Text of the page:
15 August 2014

Published August 13, 2014 by rochellewisoff

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Friday Fictioneers BookshelfFF copyright banner finalThe next photo is the PHOTO PROMPT

Let it speak to you. Does it tell you a story?

PHOTO PROMPT -Copyright - Jan Wayne Fields

PHOTO PROMPT -Copyright – Jan Wayne Fields

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Genre: Historical Fiction

Word Count: 99

HOME FIRES BURNING

            “Nights are long and my bed ever so cold…”            

             She stopped writing, crumpled her letter and recalled their conversation the day before he left.

_____

            “The last time you went for six months it turned into four years.”            

            “I am needed there.”            

            “You are needed here.”            

           “Debbie, my dearest.” He placed his hands on either side of her face. “Accompany me. You will love London.”

______

             Deborah Franklin laid another sheet of parchment on the desk, dipped her quill in the inkwell and wrote.              

             “Dear Benjamin,            

              I love you so. Had it not been for my ridiculous fear of the sea…”    

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110 comments on “15 August 2014

    • Dear Björn,

      I’m glad the story came across without explanation. I do like to include history if it’s there, though.

      There is a lot going on in that photo, isn’t there? I’ll be interested to see where it leads people. My husband took the picture in an old house in a pre-revolutionary town in upstate New York.

      Thank you.

      Shalom,

      Rochelle

      Like

  • When they ask me in which time period I would like to live, I always say present. My pragmatic nature overshadows my romantic aspirations. How our present would be different if our past were to change…Love your historical fiction, it is always so cleverly written.

    Like

    • Dear Loré,

      I’ve been asked the same question. It’s difficult to answer for each era has it’s advantages and drawbacks. Given a choice I’d have to stay here in the 21st century for I’m totally addicted to my computer and iPhone. 😉 Although it might be nice to take a visit to another time here and there. I guess that’s why I love to write historical fiction…my own method of time travel.

      Thank you.

      Shalom,

      Rochelle

      PS Indoor plumbing’s another argument for the present.

      Like

  • Rochelle, Lovely story. I looked up the history on Google and learned something. That desk is a beauty. It looks like a combination dresser and desk. Thanks to you and your husband for supplying it for the prompt this week. Well written as always. 🙂 —Susan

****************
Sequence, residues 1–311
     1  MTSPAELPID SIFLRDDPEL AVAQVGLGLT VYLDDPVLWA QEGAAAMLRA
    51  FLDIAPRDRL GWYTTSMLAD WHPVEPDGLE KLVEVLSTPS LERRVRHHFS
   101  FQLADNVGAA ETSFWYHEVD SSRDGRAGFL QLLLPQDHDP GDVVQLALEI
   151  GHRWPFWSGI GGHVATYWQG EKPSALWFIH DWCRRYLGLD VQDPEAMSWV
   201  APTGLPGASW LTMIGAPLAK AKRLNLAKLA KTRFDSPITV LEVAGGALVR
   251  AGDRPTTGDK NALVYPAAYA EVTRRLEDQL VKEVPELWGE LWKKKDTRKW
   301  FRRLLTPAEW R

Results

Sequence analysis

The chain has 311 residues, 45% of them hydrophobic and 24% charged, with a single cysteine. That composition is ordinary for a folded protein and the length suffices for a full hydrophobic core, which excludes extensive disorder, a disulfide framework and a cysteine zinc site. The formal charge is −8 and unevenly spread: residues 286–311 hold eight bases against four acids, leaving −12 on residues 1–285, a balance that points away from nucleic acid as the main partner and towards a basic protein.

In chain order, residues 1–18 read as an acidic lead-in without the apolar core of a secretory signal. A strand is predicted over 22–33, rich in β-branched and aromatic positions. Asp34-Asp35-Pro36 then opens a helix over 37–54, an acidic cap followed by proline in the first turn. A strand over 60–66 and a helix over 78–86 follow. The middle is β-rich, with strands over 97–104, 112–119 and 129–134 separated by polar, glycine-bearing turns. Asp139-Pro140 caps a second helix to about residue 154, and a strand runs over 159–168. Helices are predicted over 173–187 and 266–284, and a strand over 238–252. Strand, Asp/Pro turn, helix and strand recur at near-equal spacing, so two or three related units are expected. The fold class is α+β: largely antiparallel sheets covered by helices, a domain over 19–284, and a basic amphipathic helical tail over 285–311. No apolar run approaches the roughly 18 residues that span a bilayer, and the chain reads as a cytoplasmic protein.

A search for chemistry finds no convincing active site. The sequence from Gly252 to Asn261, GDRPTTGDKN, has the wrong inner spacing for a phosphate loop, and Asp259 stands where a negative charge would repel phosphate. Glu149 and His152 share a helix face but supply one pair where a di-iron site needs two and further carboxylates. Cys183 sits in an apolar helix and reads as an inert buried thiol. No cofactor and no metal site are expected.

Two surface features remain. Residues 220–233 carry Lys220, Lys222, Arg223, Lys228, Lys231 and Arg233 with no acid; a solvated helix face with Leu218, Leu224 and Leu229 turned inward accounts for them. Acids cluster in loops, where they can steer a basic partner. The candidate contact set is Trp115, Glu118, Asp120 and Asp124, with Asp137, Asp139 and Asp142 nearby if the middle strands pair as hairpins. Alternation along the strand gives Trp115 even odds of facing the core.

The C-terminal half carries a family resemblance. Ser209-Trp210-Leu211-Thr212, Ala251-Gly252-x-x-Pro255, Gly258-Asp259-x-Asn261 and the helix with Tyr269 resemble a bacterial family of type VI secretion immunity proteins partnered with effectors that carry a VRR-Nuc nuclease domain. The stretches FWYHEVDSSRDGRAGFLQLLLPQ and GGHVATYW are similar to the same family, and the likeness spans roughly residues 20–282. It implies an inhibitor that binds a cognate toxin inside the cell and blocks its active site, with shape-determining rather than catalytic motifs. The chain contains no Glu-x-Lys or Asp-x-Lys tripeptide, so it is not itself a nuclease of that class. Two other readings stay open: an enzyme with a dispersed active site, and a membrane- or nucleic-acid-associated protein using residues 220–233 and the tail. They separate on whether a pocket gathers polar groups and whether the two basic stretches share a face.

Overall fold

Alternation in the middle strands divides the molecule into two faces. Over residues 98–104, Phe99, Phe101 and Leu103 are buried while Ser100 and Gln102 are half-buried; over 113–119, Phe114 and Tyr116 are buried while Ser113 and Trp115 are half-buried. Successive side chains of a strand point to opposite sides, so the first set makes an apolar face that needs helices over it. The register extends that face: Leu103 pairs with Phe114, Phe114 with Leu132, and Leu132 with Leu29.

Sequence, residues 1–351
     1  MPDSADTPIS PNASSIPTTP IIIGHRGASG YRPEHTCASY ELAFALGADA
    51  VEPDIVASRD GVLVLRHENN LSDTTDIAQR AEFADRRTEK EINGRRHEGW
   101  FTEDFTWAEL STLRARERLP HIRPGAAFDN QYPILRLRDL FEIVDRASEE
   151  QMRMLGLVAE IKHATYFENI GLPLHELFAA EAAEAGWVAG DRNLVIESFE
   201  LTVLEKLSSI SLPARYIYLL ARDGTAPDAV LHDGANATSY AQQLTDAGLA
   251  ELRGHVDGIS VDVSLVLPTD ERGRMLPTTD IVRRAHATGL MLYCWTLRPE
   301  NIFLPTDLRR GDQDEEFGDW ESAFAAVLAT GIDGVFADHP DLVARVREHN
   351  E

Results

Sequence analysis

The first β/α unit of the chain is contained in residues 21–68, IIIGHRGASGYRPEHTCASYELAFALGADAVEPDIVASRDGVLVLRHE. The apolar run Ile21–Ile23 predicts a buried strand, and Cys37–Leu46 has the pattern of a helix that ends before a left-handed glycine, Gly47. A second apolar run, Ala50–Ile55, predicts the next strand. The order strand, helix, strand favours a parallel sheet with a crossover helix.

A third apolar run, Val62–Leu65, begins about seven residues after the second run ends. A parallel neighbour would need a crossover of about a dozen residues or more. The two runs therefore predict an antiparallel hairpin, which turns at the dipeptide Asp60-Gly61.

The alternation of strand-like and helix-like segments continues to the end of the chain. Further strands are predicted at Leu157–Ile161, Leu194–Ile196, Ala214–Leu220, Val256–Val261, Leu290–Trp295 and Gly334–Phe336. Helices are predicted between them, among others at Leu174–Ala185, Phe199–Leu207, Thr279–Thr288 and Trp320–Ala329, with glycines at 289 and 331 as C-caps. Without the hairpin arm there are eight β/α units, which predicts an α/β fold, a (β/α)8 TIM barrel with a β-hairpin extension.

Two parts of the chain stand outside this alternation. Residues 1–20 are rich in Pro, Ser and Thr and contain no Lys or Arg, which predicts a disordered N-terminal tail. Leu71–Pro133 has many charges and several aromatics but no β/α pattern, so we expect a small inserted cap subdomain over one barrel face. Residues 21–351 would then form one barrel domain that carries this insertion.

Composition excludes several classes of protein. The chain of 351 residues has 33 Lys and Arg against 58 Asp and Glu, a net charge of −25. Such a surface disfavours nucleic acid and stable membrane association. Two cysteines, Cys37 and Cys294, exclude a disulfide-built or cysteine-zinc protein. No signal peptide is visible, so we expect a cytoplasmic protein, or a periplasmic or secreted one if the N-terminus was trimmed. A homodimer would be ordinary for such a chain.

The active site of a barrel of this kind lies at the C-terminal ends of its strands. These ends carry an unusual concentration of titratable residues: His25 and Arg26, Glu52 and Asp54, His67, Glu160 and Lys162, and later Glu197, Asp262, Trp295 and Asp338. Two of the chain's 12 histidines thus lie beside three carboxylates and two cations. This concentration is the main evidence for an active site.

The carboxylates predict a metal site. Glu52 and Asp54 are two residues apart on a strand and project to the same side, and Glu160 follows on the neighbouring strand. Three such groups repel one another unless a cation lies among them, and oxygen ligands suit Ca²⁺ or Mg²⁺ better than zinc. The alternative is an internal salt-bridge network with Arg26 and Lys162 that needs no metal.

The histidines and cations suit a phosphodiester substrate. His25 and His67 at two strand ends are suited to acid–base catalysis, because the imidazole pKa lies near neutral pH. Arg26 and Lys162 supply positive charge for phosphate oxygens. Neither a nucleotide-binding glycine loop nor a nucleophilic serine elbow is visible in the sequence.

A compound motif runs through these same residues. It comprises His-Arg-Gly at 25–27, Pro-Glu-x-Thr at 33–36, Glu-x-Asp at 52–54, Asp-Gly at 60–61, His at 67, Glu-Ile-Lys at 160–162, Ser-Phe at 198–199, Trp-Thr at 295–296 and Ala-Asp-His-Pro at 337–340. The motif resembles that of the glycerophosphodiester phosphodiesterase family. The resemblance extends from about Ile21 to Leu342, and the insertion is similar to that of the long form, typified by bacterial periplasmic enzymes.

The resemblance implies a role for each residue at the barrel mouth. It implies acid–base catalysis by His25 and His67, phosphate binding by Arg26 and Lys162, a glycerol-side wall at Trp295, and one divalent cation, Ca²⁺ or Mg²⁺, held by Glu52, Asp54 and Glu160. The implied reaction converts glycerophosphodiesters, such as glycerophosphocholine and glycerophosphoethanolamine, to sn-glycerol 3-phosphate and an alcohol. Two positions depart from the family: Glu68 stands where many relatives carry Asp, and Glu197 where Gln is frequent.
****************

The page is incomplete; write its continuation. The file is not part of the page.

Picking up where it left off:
Like

  • Lovely idea, and beautifully written. And that is a very lovely desk. I could do with something like that. Currently I write on my lap on the sofa.
    (BTW there is a typo in the quote from Thoreau at the top.)
    Claire

    Like

    • Dear Claire,

      I have a nice desk but nothing like that one. I’m pleased you like the story. Thank you for catching that pesky typo. At present the challenge is how to fix it in Picasa, the program I used. I’ll be working on that.

      Shalom,

      Rochelle

      Like

  • A lovely way of posting …. letters back and forth, with unspoken words … in this case, unwritten words, leaving one curious as to possibilities.

    Very effective Rochelle – I feel I have stepped back in time. 🙂

    Like

    • Dear Alicia,

      Happy to help as I’m right beside you in that boat. I never cared about history when I was young. I suppose as we age and our remembered past is in the history books we realize that those before us were warm, breathing humans. At least that’s how I see it.

      Thank you.

      Shalom,

      Rochelle

      Like

  • Rochelle,
    Considering Benjamin Franklin’s role overseas during that time and his other affairs there, I wonder how history would have been different if she had come with him. I just did a bit more research on Deborah. What a tragic tale. This is a beautifully crafted story.
    -David

    Like

    • Dear David,

      I’d never thought of it in that light. What would have happened had he stayed home or if she’d gone with him? Both possibilities are food for thought, aren’t they.

      Thank you.

      Shalom,

      Rochelle

      Like

  • Regrets are the worst. I wonder how Benjamin Franklin felt when he got the news, if he wished he had more time or if he would have done the same all over again. Think how different history could have been if he had made different choices.

    Like

  • first of all, i so want a desk like that. perhaps owning one might inspire me to write more often. 🙂 and wow it’s really exciting to speculate about these possibilities, what would have happened… what would have changed. i applaud the fact that you put a great deal of heart and research on your stories.

    Like

    • Dear Anne,

      In present times where correspondence has become as instant as microwavable popcorn, it’s hard to imagine a world where one waited months for a letter, isn’t it?

      When I was a young girl I had a pen-pal in Wales. Of course it was all snail mail then. If we wrote once a month it was frequent. Now I have 100+ pen-pals around the world. And a daily Skype friend five-thousand miles away. That kind of communication was comic strip or sci-fi when I was growing up.